by Tammy Poole, MS, RRT-NPS
[The following activity was reported to Tammy Poole by Anne Marie Hummel who is the Associate Executive Director for Advocacy and Government Affairs ]
The bill we have been waiting for, the CONNECT for Health Act (Creating Opportunities Now for New and Effective Care Technologies), was released on October 30 by members of the House and Senate telehealth working group. This telehealth bill had been introduced last year and received support from a large group of organizations. Stefanie Rinehart from CRD and I attended the press conference led by Senators Schatz (D/HI), Wicker (R/MS), Hyde-Smith (R/MS) and Car-din (D/MD) and Representative Welch (D/VT). Representative Thompson (D/CA), lead sponsor of the BREAHTE Act, was absent to tend to issues resulting from the devastating fires that continue to plague his state of California.
The bill includes a provision (Section 14) that allows health care professionals who are not otherwise eligible under current law, including respiratory therapists, to furnish telehealth services in the health care delivery models CMS is testing as part of its Innovation Center which we believe can expand access to RTs beyond the provisions of the BREATHE Act. Over 120 organizations have endorsed the bill, including AARC. A copy of the bill summary with supporting organizations is attached. We do not have a bill number as the text has not yet been released.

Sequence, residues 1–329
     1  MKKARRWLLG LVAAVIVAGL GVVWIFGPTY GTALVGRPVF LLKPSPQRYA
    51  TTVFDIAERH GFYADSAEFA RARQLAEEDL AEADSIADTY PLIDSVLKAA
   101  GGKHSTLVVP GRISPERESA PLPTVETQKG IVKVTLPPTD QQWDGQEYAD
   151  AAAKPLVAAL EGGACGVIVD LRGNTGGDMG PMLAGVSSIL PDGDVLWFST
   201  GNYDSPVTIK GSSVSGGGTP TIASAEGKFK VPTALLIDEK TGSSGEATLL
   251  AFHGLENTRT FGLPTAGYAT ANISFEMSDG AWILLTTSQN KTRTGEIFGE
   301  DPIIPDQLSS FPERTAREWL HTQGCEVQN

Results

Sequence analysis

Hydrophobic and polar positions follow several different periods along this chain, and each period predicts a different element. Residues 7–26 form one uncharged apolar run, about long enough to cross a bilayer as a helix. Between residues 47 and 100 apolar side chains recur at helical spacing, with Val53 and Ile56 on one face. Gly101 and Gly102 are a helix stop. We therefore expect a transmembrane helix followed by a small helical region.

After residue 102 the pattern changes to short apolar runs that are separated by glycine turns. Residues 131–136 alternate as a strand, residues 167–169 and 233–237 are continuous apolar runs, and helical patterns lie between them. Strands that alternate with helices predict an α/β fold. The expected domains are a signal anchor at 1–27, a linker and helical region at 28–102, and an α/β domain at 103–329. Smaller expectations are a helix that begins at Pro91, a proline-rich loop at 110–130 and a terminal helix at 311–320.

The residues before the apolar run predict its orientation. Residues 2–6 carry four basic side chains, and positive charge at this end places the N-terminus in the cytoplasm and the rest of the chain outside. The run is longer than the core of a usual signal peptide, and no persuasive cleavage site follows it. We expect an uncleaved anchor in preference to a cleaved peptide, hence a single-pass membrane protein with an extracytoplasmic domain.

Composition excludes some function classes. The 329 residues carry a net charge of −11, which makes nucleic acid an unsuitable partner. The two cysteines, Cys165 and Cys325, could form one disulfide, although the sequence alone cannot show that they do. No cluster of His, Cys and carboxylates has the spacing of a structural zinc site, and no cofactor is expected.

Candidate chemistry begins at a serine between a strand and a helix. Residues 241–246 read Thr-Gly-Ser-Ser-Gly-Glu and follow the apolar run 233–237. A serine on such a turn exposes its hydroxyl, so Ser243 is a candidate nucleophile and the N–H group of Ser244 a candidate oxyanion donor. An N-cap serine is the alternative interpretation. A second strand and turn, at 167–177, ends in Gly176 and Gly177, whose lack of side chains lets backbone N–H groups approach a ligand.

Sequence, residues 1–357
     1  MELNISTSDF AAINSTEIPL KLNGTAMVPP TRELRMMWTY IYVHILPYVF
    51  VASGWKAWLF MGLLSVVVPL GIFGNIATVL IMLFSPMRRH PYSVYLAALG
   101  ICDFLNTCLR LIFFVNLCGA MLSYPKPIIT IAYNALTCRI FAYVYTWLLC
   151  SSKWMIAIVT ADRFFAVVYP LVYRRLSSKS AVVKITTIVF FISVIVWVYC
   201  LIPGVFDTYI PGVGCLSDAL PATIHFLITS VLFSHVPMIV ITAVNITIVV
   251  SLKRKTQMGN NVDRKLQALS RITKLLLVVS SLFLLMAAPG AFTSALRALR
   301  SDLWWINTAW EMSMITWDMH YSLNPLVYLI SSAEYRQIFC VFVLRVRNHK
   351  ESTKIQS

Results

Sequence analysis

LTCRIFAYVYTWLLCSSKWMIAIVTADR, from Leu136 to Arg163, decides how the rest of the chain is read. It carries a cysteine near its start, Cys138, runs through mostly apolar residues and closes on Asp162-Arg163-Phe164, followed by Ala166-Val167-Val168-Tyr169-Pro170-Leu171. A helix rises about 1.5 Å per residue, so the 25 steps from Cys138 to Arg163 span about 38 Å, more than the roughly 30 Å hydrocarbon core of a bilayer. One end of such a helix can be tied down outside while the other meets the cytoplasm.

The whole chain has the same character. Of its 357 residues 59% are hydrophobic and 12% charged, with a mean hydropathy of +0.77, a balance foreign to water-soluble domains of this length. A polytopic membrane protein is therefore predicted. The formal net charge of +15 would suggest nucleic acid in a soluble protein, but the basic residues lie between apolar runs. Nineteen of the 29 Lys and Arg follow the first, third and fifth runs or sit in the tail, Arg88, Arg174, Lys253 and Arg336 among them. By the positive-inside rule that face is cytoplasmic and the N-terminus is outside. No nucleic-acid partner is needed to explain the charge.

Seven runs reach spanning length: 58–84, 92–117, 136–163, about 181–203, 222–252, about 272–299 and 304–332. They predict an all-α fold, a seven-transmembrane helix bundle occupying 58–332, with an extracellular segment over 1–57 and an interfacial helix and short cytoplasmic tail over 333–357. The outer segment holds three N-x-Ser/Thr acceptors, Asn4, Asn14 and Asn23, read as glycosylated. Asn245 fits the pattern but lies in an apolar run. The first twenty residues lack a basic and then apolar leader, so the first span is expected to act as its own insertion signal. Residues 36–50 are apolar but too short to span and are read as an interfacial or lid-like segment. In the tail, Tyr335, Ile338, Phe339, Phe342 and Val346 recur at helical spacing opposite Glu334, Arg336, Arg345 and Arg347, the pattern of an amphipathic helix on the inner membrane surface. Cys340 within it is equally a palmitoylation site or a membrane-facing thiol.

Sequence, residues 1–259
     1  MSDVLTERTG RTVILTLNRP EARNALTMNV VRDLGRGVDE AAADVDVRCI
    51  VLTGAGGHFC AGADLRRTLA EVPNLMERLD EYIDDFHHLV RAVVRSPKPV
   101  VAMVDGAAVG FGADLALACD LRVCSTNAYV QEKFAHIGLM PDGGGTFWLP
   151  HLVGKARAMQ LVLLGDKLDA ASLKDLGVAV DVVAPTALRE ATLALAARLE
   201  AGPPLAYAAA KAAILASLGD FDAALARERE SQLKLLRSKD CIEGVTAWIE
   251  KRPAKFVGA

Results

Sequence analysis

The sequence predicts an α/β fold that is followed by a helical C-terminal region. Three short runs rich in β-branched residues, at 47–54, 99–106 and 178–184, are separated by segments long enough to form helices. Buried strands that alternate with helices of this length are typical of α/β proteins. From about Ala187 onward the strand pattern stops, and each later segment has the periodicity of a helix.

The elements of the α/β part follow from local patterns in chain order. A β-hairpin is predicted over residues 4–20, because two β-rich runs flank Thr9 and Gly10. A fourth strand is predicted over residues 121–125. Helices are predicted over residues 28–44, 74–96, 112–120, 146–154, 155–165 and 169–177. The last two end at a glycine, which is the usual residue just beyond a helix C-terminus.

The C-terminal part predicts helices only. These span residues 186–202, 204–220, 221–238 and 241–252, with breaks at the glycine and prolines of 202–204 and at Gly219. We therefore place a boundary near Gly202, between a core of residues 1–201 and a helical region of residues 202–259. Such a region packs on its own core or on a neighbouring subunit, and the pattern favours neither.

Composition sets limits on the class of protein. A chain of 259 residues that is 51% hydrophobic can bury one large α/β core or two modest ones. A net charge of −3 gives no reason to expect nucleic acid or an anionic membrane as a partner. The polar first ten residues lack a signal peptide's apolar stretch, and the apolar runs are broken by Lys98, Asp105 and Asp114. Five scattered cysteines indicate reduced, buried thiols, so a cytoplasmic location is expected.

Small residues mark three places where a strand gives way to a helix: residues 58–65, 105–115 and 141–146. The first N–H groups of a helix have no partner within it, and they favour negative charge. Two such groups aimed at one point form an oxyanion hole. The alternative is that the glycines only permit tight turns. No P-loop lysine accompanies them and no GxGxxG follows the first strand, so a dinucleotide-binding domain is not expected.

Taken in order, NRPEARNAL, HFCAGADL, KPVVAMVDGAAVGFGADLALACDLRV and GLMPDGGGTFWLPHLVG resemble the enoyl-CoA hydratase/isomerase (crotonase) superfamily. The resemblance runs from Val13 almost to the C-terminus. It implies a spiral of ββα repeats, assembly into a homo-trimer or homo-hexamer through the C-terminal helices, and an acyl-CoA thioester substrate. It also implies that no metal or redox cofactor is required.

AARC had been lobbying the telehealth working group members to include the text of the BREATHE Act into CONNECT, but the group opted not to include disease specific provisions in the bill. Rather, the bill authorizes CMS to test new telehealth models (Section 15), and we see this as an opportunity to create a model like that outlined in the BREAHTE Act that addresses disease management services for Medicare beneficiaries with COPD. In fact, many of the provisions of our bill are supported by a recent report to Congress from CMS on Medicare telehealth in which a re-view of telehealth for COPD noted “increased access to effective, known care management tools may yield positive results”.
It highlighted increased access for patients with chronic disease by:
1) providing patient education and primary prevention and early detection;
2) improving treatment adherence;
3) facilitating the remote collection of patient data;
4) providing early detection of complications and timely symptom management;
5) reducing unnecessary emergency room and physician visits; and
6) preventing hospital readmission.”
So, what does that mean for the BREATHE Act?
AARC will be meeting with the House sponsors of the BREATHE Act to discuss next steps in light of CONNECT’s introduction. For legislation to become law, both chambers of Congress must pass identical legislation. To date, we have learned the Senate prefers including respiratory therapists in CONNECT rather than introducing a companion bill to the BREATHE Act, so the feedback from our House sponsors will inform the strategy we employ as we continue to advocate to ensure RTs can deliver services to Medicare beneficiaries as telehealth practitioners.
We will be developing a list of frequently asked questions to provide members with more information about the CONNECT for Health Act and the CMS Innovation Center’s work. That will be available later this month after we return from New Orleans. We will also be developing a new advocacy platform designed to expand our reach on issues of importance to the profession.